BELFAST PROJECT. LA PSNI OTTERRÀ LE REGISTRAZIONI
A former IRA man turned-writer has lost a High Court bid to prevent police taking possession of his interviews with a convicted bomber.
Anthony McIntyre was seeking to restrain disclosure of confidential archived material compiled for a history project at Boston College.
PSNI detectives wanted access to all his interviews with Dolours Price.
It is part of their investigation into the 1972 murder of Jean McConville, one of the so-called Disappeared.
Mr McIntyre claimed releasing the tapes and transcripts to police would put him under greater threat of being killed by dissident republicans who would perceive it as a betrayal of the IRA’s code of silence.
However, on Tuesday a judge dismissed his case after a senior detective stated he was not aware of any current, increased risk to the researcher due to his work on the project.
Mr Justice Treacy said: “In light of the unequivocal response from the PSNI, supported by the threat assessment from the security authorities, I conclude that the applicant has failed to make out an arguable case that disclosure of the Boston College tapes would, as he claimed, materially increase the risk to his life or that of his family.”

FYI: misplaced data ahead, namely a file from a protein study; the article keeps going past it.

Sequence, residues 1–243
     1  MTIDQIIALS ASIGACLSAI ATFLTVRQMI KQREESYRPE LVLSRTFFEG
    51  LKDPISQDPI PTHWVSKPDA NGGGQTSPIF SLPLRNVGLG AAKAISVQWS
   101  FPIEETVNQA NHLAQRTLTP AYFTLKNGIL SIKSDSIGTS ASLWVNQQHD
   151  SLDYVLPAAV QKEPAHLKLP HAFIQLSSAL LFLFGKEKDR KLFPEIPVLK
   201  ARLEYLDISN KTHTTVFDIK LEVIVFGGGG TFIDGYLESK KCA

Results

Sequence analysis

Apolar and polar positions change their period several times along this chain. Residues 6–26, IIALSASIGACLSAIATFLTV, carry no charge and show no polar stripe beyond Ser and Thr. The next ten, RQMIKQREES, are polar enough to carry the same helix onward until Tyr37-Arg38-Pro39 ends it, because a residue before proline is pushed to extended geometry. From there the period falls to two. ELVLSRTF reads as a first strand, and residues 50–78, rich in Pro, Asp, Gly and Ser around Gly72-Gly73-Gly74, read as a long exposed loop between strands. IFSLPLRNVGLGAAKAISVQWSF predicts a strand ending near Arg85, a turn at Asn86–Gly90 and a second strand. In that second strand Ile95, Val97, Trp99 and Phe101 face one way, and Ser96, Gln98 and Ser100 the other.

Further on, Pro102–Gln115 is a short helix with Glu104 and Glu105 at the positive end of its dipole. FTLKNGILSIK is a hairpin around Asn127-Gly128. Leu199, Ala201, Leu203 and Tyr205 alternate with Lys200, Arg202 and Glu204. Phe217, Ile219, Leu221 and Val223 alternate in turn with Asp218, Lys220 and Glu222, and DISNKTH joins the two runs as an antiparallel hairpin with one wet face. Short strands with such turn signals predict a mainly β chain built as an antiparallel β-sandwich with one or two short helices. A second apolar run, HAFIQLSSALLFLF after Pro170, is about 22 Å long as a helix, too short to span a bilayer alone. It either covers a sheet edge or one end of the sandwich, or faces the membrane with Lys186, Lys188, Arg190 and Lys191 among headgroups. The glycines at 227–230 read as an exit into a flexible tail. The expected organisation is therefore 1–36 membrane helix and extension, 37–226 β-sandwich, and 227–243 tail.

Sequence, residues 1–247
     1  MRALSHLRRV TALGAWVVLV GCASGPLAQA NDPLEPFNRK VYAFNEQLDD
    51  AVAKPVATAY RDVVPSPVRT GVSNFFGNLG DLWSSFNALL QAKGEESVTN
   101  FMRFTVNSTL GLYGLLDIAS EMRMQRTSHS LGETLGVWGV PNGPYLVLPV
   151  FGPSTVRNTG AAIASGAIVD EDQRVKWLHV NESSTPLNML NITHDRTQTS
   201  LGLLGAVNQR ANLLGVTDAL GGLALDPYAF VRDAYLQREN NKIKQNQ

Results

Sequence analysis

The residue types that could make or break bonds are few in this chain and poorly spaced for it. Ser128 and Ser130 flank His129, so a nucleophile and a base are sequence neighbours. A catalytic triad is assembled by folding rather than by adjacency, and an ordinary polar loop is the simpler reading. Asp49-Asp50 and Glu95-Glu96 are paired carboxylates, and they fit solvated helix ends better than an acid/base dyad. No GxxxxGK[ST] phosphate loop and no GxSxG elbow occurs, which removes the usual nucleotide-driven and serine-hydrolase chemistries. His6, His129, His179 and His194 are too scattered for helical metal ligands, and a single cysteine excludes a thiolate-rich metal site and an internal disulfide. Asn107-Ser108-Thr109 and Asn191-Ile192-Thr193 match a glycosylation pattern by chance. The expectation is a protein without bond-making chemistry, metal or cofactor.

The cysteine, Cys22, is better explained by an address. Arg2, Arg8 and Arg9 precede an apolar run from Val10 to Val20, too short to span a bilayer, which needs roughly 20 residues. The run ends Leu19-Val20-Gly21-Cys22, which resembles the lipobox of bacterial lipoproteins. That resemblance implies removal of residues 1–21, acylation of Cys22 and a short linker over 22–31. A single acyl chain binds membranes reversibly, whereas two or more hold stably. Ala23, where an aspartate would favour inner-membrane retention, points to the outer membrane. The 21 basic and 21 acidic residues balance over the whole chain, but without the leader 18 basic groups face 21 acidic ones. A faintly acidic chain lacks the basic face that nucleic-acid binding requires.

Loyalist and republican paramilitaries gave interviews for the college’s Belfast Project, an examination of the Northern Ireland Troubles.
Those who took part included Price, who was jailed for her part in a bomb attack on the Old Bailey in London in 1973.
Recordings were carried out on the understanding that they would only be made public once interviewees had died.
However, the US courts have ruled that the Price interviews should be handed over to the PSNI.
The court heard journalist Ed Moloney, who also conducted interviews for the project, has stated that his research colleague’s interviews with Price contain nothing relevant to the Jean McConville murder investigation.
Lawyers for Mr McIntyre argued that his Article 2 right to life under the European Convention on Human Rights trumped the PSNI’s legal obligation to investigate murder.
But Mr Justice Treacy ruled that the former IRA man’s rights cannot prohibit police from seeking or receiving material relevant to a serious, live criminal inquiry.